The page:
Here in the United States, I think we really do need to have the voucher system so that people have a choice. Right now, the private schools are only for those who can afford it and It’s not fair. The public schools are so much into their tenure and they’re so much into protecting what they do that often the students suffer. The schools accept the mentality that some kids just have to bail and some kids just have to get mediocre grades, when we can all be excellent in our own way.

Singapore, for example, is part of the coming revolution. They are into thinking. They want the best methods of learning. They are making sure that teachers are becoming trained in these methods. It’s the same thing in Sweden and New Zealand. There’s the mentality of the people and the government that they need to stay competitive, to meet the demands of the 21st century.

I met a little boy in Sweden. He was 9 years old and he was from Sri Lanka, where he had been born in poverty. Because he now lives in Sweden, he has the opportunity to learn to his fullest potential. I don’t see this in America. I see a lot of inner-city children who have to go to a neighborhood school because they happen to live there and they have no choice. They get stuck with a teacher who is maybe waiting for the day of pension, and as a result that brain is wasted, and as a result, we often have a lot of deviant behavior that comes out of that. We are creating a lot of discipline problems when we force children to go to schools that they may not like. We really need to give children and families a lot more choice.

Why don’t we see the learning revolution taking hold in America?

Vos: A lot of Americans think we already have it all, and it’s a very false belief. We think we have the best system, but we don’t, not as I compare it to other countries. We do have some wonderful models. The John Elliot School, for example, in Massachusetts is a wonderful model of true learning. They get high scores in critical thinking. But we need to have a whole country full of wonderful schools and wonderful teachers. We just have too many schools that are content with mediocrity.

How does one begin the process of learning how to learn?

Vos: I didn’t really learn how to learn until about 15 years ago. School was very difficult for me, and yet, today I’m a doctor of education and I speak all over the world. I now consider myself a gifted human being, and in my own way I am very differently gifted than my co-author, who is differently gifted in many other ways. We all are gifted in different ways. It’s not how smart you are but how are you smart. I think it’s important to take courses on learning how to learn and how to run your own brain, so you can take charge of your own life and run your own life. I think you can do it all the way from first grade through age 108. It’s never too late to begin designing your own life.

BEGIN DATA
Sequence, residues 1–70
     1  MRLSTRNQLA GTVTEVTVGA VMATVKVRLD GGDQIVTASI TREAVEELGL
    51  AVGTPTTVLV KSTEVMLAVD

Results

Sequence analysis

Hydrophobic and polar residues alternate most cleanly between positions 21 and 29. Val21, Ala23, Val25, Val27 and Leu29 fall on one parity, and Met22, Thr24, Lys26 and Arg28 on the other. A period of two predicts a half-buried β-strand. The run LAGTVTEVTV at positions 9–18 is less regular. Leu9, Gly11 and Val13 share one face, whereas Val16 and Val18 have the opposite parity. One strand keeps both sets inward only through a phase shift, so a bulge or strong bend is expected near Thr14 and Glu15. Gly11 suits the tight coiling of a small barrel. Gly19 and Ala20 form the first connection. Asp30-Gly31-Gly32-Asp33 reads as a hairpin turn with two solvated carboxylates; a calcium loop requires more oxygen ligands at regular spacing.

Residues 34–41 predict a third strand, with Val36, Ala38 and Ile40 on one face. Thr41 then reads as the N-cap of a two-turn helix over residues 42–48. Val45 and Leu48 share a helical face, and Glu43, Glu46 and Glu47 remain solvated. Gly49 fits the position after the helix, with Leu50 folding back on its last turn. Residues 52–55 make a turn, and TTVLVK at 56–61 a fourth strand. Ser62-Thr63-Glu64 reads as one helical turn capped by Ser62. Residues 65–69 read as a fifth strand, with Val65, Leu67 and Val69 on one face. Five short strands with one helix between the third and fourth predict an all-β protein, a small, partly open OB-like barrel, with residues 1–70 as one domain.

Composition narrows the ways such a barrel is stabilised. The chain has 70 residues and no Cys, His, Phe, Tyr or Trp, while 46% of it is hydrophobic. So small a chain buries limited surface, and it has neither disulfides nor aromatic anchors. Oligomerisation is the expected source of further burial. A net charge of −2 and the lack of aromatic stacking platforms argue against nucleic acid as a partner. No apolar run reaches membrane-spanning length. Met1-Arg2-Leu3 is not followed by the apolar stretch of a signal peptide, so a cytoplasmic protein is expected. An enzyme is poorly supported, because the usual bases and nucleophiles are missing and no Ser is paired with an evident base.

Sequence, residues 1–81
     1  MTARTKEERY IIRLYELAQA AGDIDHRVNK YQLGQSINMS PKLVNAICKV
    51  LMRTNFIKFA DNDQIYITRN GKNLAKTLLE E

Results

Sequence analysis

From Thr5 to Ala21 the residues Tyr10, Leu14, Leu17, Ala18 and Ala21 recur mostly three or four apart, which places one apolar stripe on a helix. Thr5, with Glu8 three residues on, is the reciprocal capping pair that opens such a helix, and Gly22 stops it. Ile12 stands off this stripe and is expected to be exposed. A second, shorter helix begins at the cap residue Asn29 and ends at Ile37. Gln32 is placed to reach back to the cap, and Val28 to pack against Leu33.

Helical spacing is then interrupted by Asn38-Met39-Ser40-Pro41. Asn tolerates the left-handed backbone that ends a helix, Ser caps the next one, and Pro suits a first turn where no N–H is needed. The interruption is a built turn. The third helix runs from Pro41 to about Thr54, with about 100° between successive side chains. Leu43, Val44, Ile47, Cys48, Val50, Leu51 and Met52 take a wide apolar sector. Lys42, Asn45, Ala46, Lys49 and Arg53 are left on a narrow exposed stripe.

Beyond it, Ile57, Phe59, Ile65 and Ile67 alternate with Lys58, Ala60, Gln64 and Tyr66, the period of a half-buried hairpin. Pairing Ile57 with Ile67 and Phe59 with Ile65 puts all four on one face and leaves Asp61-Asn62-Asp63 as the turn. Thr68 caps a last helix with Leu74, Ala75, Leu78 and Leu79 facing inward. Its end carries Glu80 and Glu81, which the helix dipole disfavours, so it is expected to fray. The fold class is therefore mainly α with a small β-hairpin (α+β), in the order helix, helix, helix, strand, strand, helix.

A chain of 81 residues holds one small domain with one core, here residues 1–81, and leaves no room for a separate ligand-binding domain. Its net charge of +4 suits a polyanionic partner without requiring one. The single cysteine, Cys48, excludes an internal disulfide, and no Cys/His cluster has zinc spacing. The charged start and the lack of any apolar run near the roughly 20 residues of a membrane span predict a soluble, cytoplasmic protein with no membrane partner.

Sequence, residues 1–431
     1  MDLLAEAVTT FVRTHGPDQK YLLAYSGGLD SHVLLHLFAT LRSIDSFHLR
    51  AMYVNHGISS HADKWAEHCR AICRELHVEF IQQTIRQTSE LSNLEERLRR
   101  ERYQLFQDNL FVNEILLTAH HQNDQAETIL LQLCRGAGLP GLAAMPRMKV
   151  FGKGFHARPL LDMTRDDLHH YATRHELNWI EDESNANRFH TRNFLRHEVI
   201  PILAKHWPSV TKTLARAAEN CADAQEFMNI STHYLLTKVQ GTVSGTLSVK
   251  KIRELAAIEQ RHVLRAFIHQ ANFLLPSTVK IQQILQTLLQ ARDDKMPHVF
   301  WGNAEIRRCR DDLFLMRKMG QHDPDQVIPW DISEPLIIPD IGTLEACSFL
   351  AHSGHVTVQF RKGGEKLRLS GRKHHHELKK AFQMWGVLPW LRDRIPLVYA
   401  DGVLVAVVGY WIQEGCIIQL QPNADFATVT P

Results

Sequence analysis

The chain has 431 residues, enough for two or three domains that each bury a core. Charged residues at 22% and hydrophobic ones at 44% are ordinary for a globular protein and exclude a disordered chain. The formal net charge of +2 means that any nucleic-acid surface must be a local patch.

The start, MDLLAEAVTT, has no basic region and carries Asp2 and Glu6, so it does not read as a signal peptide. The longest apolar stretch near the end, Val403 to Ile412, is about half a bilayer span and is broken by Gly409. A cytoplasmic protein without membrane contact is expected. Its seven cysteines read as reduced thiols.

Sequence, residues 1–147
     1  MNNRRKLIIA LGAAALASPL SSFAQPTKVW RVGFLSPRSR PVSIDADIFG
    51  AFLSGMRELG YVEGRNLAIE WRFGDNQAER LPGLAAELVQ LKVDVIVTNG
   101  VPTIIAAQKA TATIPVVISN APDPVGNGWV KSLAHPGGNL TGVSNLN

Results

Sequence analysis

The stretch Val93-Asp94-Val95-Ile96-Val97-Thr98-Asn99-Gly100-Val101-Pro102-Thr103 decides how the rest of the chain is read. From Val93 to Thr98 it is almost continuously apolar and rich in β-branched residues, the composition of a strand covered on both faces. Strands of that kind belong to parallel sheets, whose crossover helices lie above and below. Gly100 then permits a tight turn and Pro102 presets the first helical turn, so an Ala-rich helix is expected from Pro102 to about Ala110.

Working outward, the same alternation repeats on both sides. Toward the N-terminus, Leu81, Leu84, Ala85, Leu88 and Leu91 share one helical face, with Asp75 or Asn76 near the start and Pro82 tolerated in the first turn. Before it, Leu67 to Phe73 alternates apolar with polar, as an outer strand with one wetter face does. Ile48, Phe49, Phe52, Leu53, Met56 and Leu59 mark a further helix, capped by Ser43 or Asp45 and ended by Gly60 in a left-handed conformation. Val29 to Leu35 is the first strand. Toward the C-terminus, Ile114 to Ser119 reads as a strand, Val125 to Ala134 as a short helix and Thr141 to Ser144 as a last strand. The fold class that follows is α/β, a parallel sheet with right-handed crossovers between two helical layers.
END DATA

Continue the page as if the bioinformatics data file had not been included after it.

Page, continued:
What often happens is that we become reactive, and we have little boys killing other students because they don’t know how to react in a responsive way. As a society, we don’t know how to handle anger. We watch the television and that’s how we think we should handle our anger. We have this huge vicious cycle going on in America, and people abroad will often say, “You Americans, you have the Bible in the one hand and a gun in the other!” It doesn’t make sense. Why do we have this gun mentality? Are we still in the Wild West? Are we still in the reptile brain? We have thinking brains, so I think it’s very important to teach people to think.

Guess who’s mostly in jail in Manitoba? The Kinesthetic aborigines. They culture is more kinesthetic. Guess who’s mostly in jail in America? African Americans. They’re more kinesthetic in their culture. They’re very musical, they’re very social, they’re very spiritual people. They’re all a right-brain kind of people, and it’s very sad that we penalize people like that who learn with their bodies.

Are there any things people can do on a daily basis that they can use to start working on this?

Vos: Yes, definitely. Number one is diet. What you eat affects the transmission of your brain. I recommend fruits and vegetables and herbs. Also: water, lots of water. I suggest getting off coffee. Try fruit juices, instead — especially pregnant women. They should not be drinking coffee, because it’s very detrimental to the brain. I also recommend exercise. Exercise brings oxygen to the brain and to the body.

I am 53 years old, and I consider myself very healthy, I exercise every day, I eat very good food, I also stimulate my brain through keeping myself mentally alert, always reading and sharing information and hearing other points of view. So there is the mental stimulation, the physical stimulation, the nutritional stimulation, and then the whole spiritual connection. If we don’t tap into our spiritual source, we are also missing a vital source in our life.

Contact Dr. Jeannette Vos at P.O. Box 228, La Mesa, CA 91941-7301, call (719) 457-0015 or e-mail drjvos@yahoo.com

SHARE
Tim Miejan
Tim Miejan is editor & co-publisher of The Edge magazine. Contact him at 651.578.8969 or editor@edgemagazine.net. Visit The Edge online at www.edgemagazine.net.

LEAVE A REPLY

Please enter your comment!
Please enter your name here